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Comparing the Treatment of Alcohol Withdrawal Syndrome Using Gabapentin Versus Lorazepam

Information source: National Institute on Alcohol Abuse and Alcoholism (NIAAA)
ClinicalTrials.gov processed this data on August 23, 2015
Link to the current ClinicalTrials.gov record.

Condition(s) targeted: Alcohol Withdrawal Syndrome(AWS)

Intervention: Gabapentin (Drug); Lorazepam (Drug)

Phase: Phase 2

Status: Completed

Sponsored by: National Institute on Alcohol Abuse and Alcoholism (NIAAA)

Official(s) and/or principal investigator(s):
Robert J. Malcolm, MD, Principal Investigator, Affiliation: Medical University of South Carolina
Carrie Randall, PhD, Study Director, Affiliation: Medical University of South Carolina, Center for Drug and Alcohol Programs


The purpose of this study was to evaluate if the medication Gabapentin, which is not approved for the treatment of alcohol withdrawal, is effective in the treatment of alcohol withdrawal syndrome compared to treatment with Lorazepam.

Clinical Details

Official title: Gabapentin Vs. Lorazepam in Alcohol Withdrawal

Study design: Allocation: Randomized, Endpoint Classification: Efficacy Study, Intervention Model: Parallel Assignment, Masking: Double-Blind, Primary Purpose: Treatment

Primary outcome:

Clinical Institute Withdrawal Assessment for Alcohol (CIWA-Ar).

Timeline Followback (TLFB) of drinking behaviors.

Secondary outcome:

Lower startle reflex magnitudes as an index of CNS excitability or arousal.

Lower anxiety (Zung Anxiety Scale) and depression (Beck Depression.

Inventory) scores.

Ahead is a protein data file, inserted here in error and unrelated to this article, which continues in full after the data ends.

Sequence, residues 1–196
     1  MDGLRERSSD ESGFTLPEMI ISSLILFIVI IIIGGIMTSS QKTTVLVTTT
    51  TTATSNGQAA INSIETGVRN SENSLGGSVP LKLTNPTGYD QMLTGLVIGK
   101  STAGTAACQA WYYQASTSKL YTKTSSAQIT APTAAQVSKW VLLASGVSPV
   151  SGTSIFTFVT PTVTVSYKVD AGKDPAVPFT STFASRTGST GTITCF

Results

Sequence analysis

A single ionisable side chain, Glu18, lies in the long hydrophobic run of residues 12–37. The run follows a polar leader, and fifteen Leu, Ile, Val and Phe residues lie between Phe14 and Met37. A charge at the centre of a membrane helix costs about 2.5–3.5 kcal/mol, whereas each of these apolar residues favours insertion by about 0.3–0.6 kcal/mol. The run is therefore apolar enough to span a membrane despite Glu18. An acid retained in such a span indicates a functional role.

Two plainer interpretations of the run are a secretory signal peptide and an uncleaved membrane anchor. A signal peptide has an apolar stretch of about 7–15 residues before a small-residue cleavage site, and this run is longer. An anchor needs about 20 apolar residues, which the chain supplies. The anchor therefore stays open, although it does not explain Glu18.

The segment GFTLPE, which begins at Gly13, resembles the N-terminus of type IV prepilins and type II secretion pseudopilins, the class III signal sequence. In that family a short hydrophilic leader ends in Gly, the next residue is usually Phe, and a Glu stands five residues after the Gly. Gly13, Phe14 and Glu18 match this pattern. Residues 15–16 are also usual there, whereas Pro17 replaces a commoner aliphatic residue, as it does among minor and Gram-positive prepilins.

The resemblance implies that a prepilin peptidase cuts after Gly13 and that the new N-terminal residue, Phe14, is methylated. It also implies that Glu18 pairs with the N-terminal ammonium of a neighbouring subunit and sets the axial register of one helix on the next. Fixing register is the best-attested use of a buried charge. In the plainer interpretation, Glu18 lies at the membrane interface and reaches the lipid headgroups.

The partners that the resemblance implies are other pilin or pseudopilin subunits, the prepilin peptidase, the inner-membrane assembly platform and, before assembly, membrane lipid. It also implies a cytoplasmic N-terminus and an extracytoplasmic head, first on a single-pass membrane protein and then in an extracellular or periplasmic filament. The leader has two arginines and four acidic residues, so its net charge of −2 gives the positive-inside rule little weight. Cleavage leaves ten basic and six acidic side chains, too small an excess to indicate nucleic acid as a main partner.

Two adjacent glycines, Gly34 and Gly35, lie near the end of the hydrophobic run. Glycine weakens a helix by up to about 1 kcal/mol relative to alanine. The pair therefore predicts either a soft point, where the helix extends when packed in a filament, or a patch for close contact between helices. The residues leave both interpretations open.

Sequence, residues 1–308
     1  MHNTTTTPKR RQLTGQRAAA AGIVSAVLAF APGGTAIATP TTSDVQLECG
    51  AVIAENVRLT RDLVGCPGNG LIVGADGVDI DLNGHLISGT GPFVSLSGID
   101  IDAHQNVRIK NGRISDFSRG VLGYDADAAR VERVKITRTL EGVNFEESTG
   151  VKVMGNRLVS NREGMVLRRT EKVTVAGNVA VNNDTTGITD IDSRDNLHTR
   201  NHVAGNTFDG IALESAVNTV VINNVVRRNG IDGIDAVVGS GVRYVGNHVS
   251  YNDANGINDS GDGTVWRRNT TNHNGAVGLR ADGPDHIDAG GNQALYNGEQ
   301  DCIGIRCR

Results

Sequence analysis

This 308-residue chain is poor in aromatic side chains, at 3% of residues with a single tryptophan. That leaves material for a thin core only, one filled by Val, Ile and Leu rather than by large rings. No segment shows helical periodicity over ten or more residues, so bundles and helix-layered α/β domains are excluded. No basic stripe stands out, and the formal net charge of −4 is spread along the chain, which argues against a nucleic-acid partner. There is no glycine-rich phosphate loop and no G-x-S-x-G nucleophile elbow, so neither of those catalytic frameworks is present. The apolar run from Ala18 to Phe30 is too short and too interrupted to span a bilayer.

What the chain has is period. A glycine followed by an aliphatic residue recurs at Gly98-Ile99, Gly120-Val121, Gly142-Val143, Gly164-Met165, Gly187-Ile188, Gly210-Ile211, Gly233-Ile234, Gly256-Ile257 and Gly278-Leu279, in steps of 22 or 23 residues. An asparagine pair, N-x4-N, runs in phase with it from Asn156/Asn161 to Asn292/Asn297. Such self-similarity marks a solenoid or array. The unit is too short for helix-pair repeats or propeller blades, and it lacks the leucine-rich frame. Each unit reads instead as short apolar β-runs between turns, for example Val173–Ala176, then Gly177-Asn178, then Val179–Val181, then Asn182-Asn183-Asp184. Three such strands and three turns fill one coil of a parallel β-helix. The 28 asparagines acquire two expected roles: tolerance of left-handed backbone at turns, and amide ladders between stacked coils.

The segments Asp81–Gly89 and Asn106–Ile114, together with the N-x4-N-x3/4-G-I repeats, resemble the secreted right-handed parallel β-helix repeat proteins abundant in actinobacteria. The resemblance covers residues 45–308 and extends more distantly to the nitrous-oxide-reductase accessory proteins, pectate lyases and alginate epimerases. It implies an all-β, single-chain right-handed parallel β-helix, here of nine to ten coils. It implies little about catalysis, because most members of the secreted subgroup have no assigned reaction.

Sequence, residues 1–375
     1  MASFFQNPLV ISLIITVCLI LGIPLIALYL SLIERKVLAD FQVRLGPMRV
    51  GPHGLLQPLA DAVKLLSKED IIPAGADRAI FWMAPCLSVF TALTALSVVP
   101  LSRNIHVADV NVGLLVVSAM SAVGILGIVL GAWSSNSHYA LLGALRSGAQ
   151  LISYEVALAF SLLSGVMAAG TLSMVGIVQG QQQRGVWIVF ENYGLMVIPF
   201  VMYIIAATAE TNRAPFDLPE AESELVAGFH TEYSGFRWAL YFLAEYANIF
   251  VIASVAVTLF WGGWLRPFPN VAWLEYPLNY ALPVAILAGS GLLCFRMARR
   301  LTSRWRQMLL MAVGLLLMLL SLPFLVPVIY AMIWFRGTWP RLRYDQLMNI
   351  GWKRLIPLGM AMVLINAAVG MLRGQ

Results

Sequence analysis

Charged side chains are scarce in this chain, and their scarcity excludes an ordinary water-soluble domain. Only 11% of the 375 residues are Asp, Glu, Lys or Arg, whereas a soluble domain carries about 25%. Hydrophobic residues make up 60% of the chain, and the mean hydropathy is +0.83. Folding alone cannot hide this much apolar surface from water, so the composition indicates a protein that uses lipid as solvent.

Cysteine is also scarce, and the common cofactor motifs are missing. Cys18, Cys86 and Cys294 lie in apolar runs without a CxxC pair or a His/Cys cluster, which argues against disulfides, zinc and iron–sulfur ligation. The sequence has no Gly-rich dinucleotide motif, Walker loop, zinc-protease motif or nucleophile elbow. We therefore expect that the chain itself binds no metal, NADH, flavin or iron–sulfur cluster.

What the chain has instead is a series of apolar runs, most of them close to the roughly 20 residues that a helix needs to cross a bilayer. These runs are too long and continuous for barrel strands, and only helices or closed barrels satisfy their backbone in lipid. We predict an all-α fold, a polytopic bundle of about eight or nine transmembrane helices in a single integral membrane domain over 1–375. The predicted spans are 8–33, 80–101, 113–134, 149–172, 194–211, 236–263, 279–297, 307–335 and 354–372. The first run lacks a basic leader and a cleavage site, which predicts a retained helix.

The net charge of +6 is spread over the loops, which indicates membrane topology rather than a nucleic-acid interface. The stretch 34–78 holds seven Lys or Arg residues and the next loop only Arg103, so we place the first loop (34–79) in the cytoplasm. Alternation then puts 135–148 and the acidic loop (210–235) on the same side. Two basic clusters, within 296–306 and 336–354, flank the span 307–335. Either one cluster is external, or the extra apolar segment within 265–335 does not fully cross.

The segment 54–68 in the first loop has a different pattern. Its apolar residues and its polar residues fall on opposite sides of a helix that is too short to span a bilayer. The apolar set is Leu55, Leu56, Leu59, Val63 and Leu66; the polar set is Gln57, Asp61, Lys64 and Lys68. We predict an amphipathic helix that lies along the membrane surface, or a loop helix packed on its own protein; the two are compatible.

Subjective reports of sleep quality.

Detailed description: In the current protocol we evaluated a newer generation anticonvulsant agent, gabapentin. Gabapentin does not significantly interact with alcohol or other medications, has no abuse potential, and is excreted by the kidneys and not the liver . The primary aim of the present application was to evaluate the efficacy of gabapentin in comparison to lorazepam (as a benzodiazepine gold standard) for the acute outpatient treatment of alcohol withdrawal (AW). In addition, evaluation of the lorazepam “rebound” effects observed during the current funding period will be replicated and compared with the response to gabapentin. Also, the acoustic startle response was used to evaluate the neurobiological effects of the medications on underlying AW-related CNS excitation, both during and immediately after AW. In addition, the effect of a history of multiple detoxifications on parameters such as withdrawal symptoms, CNS excitability, relapse to alcohol use, craving for alcohol, and response to medication treatment was explored.


Minimum age: 21 Years. Maximum age: 70 Years. Gender(s): Both.


Inclusion Criteria:

- Subjects must be between 21-70 years of age (both genders will be recruited).

- Subjects must meet DSM-IV criteria for alcohol dependence and uncomplicated alcohol

withdrawal syndrome.

- Subjects must have a mini-mental state score above 26.